One of the first things I noticed when I started editing American Artist thirty years ago is that some artists identify themselves by their preferred medium and others by the subjects they draw and paint most often. Oil painters seemed more inclined to introduce themselves by saying they were portraitists, plein air landscape painters, still life painters, or figurative artists; whereas others would tell me they were watercolorists, pastel painters, or colored pencil artists. Once I recognized that pattern of self-identification, I could better understand why there were dozens of local, state, and national watercolor societies but no significant groups of oil painters. (This was before the founding of the Oil Painters of America and the National Oil and Acrylic Painters Society.)
When I started attending exhibition openings and conventions that brought artists together, the watercolorists seemed to be the most sociable artists. They were more actively involved in societies, they took more workshops, they entered more juried shows, and they attended more meetings. They seemed to thrive on interacting with other watermedia artists, whereas oil and pastel painters only had a small group of artist friends.
Over the years new organizations of colored pencil artists, pastel painters, and oil painters were formed, but the watercolor groups also grew in number and size. There are some state watercolor societies that are now larger than the national organizations of oil, pastel, and acrylic painters.
What does any of this mean? Perhaps that art groups grow like political and religious organizations in that the more the members promote the benefits of the group, the larger the membership will become. The proliferations of books, DVDs, workshops, and competitions for watercolorists makes it easier for people to become involved in the activity, thus increasing the likelihood that they will join forces with others who share their interest. It may also be true that those beginners have the mistaken idea that watercolor is easier, cheaper, and safer than other painting media, so novices are more likely to try it.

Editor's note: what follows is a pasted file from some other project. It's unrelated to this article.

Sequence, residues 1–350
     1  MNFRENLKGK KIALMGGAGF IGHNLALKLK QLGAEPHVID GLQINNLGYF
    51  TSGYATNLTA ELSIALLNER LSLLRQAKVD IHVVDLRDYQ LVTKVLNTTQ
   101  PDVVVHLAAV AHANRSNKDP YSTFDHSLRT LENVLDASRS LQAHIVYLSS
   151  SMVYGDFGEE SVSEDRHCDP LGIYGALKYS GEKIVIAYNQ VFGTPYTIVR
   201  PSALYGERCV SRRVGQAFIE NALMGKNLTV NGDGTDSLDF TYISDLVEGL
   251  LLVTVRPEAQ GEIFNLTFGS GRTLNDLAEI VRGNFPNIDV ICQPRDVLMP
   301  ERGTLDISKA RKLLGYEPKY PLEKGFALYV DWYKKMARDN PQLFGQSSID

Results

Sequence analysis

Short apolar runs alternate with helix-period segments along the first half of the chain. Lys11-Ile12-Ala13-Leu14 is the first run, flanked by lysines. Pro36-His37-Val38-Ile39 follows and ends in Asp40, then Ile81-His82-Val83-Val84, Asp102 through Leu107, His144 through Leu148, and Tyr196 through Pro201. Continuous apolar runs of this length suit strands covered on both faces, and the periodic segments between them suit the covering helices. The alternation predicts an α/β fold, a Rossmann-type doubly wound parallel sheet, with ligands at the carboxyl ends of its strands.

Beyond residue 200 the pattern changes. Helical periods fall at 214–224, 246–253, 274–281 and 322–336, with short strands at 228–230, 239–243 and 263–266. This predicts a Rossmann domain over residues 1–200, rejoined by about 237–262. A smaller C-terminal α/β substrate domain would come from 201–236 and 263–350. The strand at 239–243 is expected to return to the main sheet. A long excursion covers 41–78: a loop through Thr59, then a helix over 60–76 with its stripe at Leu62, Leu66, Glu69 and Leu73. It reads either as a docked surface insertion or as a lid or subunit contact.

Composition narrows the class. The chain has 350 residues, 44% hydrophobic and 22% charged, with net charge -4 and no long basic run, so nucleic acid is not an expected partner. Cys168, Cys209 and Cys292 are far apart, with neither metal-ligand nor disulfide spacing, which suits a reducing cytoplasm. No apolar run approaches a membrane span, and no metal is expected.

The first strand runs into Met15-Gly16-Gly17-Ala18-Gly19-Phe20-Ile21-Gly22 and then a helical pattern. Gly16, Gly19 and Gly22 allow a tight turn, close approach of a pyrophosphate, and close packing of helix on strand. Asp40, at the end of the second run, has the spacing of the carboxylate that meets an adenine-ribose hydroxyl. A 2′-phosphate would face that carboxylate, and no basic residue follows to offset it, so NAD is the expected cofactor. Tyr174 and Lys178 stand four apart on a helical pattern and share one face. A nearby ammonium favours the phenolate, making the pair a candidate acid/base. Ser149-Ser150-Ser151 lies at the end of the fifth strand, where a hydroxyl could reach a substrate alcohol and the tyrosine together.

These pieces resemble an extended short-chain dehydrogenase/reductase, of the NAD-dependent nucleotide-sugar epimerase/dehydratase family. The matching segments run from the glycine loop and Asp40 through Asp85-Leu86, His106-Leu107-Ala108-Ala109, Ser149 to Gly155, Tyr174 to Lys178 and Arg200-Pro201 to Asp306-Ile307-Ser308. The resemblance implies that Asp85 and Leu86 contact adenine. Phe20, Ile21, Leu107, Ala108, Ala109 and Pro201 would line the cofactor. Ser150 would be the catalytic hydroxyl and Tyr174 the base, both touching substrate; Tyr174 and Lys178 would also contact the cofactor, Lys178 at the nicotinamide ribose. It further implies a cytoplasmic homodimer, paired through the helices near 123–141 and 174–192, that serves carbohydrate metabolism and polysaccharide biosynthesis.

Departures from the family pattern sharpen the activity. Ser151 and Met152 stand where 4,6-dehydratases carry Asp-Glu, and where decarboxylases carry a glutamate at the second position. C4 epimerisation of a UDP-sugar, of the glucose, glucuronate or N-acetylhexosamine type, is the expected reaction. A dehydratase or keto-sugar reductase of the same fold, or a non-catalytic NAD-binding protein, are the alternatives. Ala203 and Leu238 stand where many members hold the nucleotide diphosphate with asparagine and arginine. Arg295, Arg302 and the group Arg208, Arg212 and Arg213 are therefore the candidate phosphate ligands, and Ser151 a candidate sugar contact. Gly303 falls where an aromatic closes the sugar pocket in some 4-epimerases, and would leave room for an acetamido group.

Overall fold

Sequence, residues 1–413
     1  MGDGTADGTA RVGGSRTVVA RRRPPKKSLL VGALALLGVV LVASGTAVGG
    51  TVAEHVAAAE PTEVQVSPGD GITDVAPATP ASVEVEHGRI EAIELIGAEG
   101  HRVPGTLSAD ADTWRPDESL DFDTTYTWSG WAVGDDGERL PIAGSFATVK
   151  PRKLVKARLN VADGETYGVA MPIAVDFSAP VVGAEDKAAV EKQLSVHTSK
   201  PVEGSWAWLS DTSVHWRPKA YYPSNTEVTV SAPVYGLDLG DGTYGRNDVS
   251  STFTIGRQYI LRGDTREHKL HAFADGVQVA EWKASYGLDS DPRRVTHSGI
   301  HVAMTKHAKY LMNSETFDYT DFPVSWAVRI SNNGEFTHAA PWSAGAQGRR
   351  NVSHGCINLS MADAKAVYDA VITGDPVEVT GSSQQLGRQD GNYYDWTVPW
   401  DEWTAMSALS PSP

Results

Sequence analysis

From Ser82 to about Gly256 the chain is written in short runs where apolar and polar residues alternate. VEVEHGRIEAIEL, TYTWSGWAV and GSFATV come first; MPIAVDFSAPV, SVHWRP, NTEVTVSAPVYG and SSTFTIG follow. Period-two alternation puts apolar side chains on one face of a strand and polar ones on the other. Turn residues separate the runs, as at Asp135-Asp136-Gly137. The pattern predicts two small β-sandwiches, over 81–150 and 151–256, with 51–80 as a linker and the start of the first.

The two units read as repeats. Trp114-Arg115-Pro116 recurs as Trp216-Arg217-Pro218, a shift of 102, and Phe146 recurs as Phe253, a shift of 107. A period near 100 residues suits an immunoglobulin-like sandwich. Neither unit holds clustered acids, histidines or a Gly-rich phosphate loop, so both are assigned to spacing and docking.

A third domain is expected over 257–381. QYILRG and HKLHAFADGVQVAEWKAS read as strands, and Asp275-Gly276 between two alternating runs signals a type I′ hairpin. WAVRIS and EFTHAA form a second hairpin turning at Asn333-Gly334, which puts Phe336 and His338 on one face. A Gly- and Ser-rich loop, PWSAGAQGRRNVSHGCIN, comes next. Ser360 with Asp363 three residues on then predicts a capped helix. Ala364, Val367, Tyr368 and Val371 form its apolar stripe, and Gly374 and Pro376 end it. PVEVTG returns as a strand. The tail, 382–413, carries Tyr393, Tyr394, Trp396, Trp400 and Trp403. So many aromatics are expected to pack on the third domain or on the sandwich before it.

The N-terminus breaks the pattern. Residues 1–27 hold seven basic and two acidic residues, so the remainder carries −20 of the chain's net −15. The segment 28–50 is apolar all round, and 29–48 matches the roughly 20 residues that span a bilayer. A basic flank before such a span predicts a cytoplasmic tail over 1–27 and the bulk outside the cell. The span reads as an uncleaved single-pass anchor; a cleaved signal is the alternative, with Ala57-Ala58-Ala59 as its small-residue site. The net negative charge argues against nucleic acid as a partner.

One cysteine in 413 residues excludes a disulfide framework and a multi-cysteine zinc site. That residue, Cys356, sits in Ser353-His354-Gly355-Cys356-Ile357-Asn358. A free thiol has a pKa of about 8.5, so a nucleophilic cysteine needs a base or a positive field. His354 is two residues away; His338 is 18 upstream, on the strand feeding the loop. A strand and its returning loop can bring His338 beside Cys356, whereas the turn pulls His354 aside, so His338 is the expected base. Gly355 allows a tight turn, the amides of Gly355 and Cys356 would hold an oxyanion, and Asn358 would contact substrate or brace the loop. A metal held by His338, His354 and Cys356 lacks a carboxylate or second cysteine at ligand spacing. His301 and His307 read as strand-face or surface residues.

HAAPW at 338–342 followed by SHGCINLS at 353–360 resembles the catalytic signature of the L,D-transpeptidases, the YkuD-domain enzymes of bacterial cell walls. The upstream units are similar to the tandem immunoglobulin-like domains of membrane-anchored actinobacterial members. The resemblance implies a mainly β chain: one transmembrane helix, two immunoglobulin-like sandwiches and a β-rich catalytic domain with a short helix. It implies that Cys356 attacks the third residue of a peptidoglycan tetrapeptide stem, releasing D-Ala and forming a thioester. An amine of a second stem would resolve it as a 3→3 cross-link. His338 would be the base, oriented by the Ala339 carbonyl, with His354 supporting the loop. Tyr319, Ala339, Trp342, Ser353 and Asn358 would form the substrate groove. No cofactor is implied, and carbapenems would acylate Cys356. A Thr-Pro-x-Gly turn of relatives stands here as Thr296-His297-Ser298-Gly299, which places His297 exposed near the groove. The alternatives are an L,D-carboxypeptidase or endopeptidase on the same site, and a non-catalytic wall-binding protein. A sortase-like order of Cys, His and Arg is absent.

If my ruminations making you curious about some of the groups I’m mentioned, then perhaps you might want to check out some of the organizations dedicated to helping you connect with other artists with similar interests.
National Watercolor Society: www.nationalwatercolorsociety.org
American Watercolor Society: www.americanwatercolorsociety.org
Transparent Watercolor Society of America: www.watercolors.org
Florida Watercolor Society: www.floridawatercolorsociety.org
Ohio Watercolor Society: www.ohiowatercolorsociety.com
Southern Watercolor Society: www.southernwatercolorsociety.org
Colored Pencil Society of America: www.cpsa.org
Pastel Society of America: www.pastelsocietyofamerica.org
International Association of Pastel Societies: www.pastelinternational.com
Portrait Society of America: www.portraitsociety.org
Oil Painters of America: www.oilpaintersofamerica.com
National Oil and Acrylic Painters Society: www.noaps.org